We have all experienced stress in our lives, right? According to Richard S. Lazarus (a pioneer in the study of emotions and stress who was named by American Psychologist as one of the most influential psychologists), stress is a condition or feeling experienced when a person perceives that demands exceed the personal and social resources the individual is able to summon. Thus, not having enough experience or resources to handle the stressors paired with a negative perception of the situation are the true culprits of feeling stressed.
The simple realization that you’re in control of your thoughts is the foundation of managing your stress. Managing stress is all about taking control of your thoughts, emotions, attitude, schedule, and the way you deal with problems.
Stress management starts with identifying the sources of stress in your life. Until you accept responsibility for the role you play in creating or maintaining it, your stress level will remain outside your control.
Do you cope with your stress in unhealthy ways that make the problem worse? Some approaches to temporarily alleviate stress may actually cause more long-lasting damage. These include: smoking, drinking, using drugs, overeating, procrastinating, wasting time in front of the TV or computer, lashing out at others, and taking on too many tasks to fill time and not have time to think about the stress.
There are also many healthy ways to deal with stress, but they all require you to change. You can either change the stressful situation or change how you react to it. One solution is to eliminate stressors. For example, learn to not take on too many responsibilities. Having a full plate is undoubtedly stressful. Eliminate as much as you can. Choose your activities, environment, and friends wisely. If you are aware that certain activities, places, and people stress you out unnecessarily, then avoid them.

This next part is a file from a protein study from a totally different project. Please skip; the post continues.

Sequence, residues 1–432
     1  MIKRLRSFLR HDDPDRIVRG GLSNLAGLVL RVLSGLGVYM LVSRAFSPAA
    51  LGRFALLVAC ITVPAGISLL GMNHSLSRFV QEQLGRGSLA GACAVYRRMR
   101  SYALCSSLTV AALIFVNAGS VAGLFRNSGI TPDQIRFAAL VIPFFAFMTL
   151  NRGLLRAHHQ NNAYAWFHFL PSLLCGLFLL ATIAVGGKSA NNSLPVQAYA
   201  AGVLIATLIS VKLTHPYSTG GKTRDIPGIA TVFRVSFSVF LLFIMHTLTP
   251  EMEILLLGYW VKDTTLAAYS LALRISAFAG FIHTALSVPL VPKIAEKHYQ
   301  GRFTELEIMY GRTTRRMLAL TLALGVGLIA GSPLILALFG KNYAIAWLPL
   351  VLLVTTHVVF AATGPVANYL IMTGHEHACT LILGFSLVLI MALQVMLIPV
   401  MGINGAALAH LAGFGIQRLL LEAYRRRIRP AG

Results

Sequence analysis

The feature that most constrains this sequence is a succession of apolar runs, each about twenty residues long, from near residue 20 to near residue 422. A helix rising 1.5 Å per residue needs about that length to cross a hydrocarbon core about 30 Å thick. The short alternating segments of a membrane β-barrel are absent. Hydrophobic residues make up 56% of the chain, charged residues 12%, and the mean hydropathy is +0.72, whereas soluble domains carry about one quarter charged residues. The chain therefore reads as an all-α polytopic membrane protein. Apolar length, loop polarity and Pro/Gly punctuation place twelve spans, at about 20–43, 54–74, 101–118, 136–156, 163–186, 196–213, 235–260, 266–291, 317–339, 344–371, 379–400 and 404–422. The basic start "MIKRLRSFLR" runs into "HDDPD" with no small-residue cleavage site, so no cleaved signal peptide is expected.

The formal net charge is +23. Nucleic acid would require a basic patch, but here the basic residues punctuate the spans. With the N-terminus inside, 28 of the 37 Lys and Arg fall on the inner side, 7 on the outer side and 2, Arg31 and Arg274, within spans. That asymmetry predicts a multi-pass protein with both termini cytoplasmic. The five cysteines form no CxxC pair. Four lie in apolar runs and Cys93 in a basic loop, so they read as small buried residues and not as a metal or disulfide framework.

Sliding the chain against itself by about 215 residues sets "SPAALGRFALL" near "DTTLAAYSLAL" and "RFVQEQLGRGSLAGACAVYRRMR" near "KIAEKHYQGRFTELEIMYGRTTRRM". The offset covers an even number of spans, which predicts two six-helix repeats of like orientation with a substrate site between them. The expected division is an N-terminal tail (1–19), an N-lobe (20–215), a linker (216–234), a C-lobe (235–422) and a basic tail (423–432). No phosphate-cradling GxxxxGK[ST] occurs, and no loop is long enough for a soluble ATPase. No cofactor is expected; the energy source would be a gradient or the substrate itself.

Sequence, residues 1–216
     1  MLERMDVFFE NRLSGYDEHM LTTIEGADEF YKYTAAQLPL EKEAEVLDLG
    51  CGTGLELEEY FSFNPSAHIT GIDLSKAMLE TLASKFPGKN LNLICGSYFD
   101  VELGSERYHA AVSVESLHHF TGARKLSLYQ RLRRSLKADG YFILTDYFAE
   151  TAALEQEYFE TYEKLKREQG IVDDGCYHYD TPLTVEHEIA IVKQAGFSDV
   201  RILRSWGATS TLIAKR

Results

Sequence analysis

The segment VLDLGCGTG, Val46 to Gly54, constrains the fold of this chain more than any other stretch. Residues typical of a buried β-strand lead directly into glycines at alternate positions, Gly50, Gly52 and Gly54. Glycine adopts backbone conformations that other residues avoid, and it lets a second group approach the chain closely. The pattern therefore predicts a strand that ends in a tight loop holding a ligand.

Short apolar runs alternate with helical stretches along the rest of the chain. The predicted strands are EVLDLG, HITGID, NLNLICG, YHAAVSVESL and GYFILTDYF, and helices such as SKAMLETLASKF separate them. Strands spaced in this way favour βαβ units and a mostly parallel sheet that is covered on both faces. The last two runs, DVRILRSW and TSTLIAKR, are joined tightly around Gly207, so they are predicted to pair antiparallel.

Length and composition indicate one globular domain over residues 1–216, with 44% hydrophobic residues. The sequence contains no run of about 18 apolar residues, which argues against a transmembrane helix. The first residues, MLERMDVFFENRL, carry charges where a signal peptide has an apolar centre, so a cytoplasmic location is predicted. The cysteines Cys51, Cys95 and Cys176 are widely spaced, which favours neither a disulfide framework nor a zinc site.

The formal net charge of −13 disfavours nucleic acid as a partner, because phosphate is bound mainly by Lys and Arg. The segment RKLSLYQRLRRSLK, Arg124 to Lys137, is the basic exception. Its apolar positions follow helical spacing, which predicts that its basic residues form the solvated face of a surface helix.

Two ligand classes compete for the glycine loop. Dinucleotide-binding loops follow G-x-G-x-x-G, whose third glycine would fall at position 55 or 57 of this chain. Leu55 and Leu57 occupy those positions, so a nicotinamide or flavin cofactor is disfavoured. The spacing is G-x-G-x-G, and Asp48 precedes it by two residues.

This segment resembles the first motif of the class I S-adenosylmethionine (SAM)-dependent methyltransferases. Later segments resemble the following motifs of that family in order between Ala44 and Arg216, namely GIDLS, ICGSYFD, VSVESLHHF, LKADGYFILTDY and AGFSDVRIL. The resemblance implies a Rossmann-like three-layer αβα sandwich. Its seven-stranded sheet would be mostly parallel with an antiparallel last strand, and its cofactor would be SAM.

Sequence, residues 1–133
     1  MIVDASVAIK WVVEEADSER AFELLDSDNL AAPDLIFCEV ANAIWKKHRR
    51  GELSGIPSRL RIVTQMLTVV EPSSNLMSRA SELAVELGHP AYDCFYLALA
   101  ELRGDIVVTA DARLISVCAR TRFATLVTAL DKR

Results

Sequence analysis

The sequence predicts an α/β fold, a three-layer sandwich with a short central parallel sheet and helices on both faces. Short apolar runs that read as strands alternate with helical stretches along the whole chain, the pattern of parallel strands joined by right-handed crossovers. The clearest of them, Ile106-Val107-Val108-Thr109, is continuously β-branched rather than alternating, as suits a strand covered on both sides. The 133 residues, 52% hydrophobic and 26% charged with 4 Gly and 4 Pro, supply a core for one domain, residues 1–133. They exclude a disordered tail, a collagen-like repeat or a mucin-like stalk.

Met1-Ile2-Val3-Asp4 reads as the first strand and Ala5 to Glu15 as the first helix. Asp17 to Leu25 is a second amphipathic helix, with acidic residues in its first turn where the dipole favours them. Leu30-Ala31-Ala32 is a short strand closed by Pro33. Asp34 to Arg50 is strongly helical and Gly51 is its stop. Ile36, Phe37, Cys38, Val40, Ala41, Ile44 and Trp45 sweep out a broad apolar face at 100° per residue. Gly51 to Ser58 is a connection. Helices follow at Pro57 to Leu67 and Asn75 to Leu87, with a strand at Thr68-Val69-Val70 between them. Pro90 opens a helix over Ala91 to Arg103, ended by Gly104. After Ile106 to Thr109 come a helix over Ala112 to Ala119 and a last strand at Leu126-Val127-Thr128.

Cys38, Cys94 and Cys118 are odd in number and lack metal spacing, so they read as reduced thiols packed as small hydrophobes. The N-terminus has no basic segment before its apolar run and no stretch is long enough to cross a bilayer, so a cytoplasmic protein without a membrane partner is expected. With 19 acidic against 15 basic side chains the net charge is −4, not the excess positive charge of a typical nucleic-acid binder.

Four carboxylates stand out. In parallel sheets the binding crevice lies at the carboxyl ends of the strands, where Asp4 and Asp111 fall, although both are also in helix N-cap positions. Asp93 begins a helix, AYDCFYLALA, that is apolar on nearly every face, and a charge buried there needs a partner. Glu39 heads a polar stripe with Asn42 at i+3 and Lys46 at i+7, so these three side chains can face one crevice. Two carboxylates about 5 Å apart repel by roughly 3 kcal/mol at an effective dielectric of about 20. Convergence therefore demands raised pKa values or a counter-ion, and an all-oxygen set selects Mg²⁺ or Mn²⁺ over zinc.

If you can’t avoid a stressful situation, try to change it and your attitude about it. Being open-minded and optimistic does wonders for the soul. If you approach situations with a positive attitude, you alter the energy around you. People and situations will respond in like. Your emotional and physical health is not worth sweating the small stuff. Smile, forgive, and let it go. It is also important to take time for yourself each day. Some healthy ways to relax and feel better include exercising (even just taking your pet for a walk), spending time over coffee/tea with nurturing friends, writing in a journal, taking a long bath, listening to your favorite music, reading a good book, or indulging in any other healthy hobbies.
It’s also important to maintain a healthy lifestyle to help your body fight off the negative effects of stress. Remember the importance of eating a healthy diet—including reducing caffeine and sugar, exercising regularly, avoiding cigarettes, drugs, and alcohol, and getting enough sleep.
None of these suggestions are new. We’ve all heard them before, but it’s important to periodically be reminded of them. Your thoughts, attitude, and actions are so much more powerful than any stressor can ever be. If you perceive it as a problem, it will be. If you perceive it as an opportunity for growth and change, then it can be. In essence, YOU can control your stress and keep it manageable.